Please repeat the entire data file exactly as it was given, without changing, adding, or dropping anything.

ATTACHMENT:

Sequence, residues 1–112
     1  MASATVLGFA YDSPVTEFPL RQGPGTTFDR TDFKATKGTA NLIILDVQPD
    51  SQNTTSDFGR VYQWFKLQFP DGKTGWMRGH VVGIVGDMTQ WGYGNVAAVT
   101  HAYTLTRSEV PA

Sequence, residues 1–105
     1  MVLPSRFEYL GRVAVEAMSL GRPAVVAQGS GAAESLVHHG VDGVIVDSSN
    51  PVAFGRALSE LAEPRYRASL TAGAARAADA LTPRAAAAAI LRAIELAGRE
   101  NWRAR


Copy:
Sequence, residues 1–112
     1  MASATVLGFA YDSPVTEFPL RQGPGTTFDR TDFKATKGTA NLIILDVQPD
    51  SQNTTSDFGR VYQWFKLQFP DGKTGWMRGH VVGIVGDMTQ WGYGNVAAVT
   101  HAYTLTRSEV PA

Sequence, residues 1–105
     1  MVLPSRFEYL GRVAVEAMSL GRPAVVAQGS GAAESLVHHG VDGVIVDSSN
    51  PVAFGRALSE LAEPRYRASL TAGAARAADA LTPRAAAAAI LRAIELAGRE
   101  NWRAR